An Empty Apartment



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Scene Title An Empty Apartment
Synopsis A mysterious voicemail leads James Silver to April's apartment, where there's not much useful in finding out where she's gone.
Date August 16, 2010

Confuscious Plaza: April's Apartment

"I have to disappear for a while. I'm sorry. I'll send you a message when I can."

"To hear this message again, press 7…"


"I have to disappear for a while. I'm sorry. I'll send you a message when I can."

"To hear this message again, press 7…"


James Silver has been playing this message back over and over again, hoping for some sort of clue as to where April might have gone. He is standing in front of her door and he pulls out his key that she's given him and he opens the door and lets himself in. There's a first glimmer of hope that she might actually be here. That glimmer fades rather quickly when the door opens and there's zero activity. Nothing. He takes a breath and steps into the room and looks around. It's not unfamiliar to him, he's been here before, but the lack of life in this room hits him strongly. Almost like those first few days by himself in the apartment after April, the other April, died.

There's always been an emptiness to the apartment April rents in Confucius Plaza, compared to the surroundings James associated with her previously — a lack of things, a sense of the unfinished. There's nothing on the walls except a set of half-filled shelves, cheap knicknacks distributed widely to make it seem like they need that much room.

A coffee table, instead of a dining table, clearly second-hand with its scuffed surface marked by water rings. An empty mug sits on one corner nearest the couch, a thin bit of dark residue in the bottom still scented of coffee. More milk than sugar, as she always drank it — though neither are discernable now. There's no TV in the living room, but yesterday's newspaper makes a disordered stack at the side of the couch; today's is still neatly folded, as yet untouched. One door leads to the apartment's kitchen; another to a small hallway with both bedroom and bathroom.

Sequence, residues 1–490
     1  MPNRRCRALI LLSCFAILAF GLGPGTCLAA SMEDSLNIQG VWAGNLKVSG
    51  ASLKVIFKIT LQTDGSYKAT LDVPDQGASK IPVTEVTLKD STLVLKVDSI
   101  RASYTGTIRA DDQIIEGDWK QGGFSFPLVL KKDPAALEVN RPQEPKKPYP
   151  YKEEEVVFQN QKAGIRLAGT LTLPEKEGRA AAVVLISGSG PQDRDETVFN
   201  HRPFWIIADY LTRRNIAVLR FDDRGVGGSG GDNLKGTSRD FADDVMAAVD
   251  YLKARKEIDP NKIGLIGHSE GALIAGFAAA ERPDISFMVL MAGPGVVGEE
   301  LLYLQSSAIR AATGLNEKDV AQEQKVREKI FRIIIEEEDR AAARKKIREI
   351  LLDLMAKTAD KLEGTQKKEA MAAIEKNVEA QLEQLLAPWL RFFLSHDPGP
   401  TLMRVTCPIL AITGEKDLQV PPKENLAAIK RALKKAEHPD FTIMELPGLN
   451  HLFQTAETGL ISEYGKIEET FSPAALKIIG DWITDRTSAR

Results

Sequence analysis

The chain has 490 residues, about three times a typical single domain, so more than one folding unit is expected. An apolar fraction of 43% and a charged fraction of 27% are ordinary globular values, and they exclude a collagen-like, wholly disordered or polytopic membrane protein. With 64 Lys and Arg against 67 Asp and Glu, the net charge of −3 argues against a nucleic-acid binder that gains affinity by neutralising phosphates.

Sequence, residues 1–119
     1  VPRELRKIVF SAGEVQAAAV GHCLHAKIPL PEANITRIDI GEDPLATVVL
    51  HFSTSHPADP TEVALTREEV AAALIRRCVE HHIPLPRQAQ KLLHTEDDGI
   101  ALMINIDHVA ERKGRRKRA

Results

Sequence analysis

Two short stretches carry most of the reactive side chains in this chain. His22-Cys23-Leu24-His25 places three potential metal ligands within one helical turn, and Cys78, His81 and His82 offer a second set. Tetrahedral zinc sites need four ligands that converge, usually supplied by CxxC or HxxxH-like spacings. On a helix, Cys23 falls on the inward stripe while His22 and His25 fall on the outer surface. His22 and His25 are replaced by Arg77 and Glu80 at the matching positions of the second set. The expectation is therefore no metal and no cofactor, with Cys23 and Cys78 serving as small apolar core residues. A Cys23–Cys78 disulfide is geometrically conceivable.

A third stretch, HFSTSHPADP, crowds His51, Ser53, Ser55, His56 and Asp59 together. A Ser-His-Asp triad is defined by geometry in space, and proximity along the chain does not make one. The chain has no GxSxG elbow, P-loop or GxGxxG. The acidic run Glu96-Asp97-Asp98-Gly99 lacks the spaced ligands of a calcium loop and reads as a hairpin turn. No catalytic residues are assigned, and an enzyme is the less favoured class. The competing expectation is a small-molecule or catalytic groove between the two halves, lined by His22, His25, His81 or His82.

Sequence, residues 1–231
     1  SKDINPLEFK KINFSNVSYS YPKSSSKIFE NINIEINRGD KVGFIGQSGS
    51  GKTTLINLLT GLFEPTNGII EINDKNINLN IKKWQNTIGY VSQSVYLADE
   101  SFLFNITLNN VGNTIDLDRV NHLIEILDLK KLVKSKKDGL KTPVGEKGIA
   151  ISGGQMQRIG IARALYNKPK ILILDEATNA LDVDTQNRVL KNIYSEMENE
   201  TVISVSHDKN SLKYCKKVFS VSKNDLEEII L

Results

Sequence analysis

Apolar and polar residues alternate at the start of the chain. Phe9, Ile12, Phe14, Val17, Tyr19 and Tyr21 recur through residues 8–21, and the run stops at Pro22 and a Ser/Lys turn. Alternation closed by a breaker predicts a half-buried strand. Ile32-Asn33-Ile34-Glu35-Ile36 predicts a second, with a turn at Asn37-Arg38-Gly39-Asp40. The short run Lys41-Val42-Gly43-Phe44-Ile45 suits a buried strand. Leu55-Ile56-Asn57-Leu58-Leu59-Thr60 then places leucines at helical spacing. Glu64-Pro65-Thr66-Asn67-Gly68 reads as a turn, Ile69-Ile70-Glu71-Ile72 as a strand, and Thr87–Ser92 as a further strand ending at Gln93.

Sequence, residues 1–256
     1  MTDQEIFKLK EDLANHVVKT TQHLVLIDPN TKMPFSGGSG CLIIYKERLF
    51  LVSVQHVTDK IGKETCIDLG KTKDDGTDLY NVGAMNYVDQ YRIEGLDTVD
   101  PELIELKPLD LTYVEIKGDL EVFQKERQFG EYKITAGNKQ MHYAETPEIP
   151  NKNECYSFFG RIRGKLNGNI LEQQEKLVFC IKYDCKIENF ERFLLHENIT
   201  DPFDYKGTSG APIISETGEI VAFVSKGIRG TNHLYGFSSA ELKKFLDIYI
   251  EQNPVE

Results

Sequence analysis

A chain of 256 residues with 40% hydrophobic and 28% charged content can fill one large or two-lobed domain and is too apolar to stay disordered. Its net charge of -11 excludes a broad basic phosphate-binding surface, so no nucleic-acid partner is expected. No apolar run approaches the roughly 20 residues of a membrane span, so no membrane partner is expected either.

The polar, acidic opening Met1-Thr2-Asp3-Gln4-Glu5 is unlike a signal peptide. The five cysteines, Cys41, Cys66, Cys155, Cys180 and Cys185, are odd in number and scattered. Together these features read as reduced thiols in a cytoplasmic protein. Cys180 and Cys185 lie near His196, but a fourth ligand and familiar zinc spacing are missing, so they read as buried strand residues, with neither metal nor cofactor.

"I have to disappear for a while. I'm sorry. I'll send you a message when I can."

"To hear this message again, press 7…"

The sound still comes from his phone as he walks deeper in and closes the door behind him, reaching to twist the lock into place. She sounded like she was in danger, so he's not going to take any chances. He presses the '7' again. He walks over and picks up the mug and walks into the kitchen and rinses it out and sets it upside down on the counter and leans against that counter as he glances around. He walks over and opens the fridge as if that may hold a clue as he bends over to look inside, then the freezer on top is opened. He closes it and walks back to the living room.

"Where did you go, April?"

There's a bowl in the sink with a bit of oatmeal still adhering to the bottom, despite having been rinsed out. The fridge contains a half-gallon carton of milk, produce bags with assorted fruit and vegetables, cups of yogurt in various flavors, a jar of strawberry jam, Tupperware with leftovers. Enough for one person; not enough to fill the shelves. The freezer is in similar situation — a few microwave entrees, two blue ice-cube trays, labeled zip-lock bags.

The microwave on the opposite shelf could bear to be wiped down, although it isn't a mess; just sees use. Probably she intended to clean it today… but that won't happen now.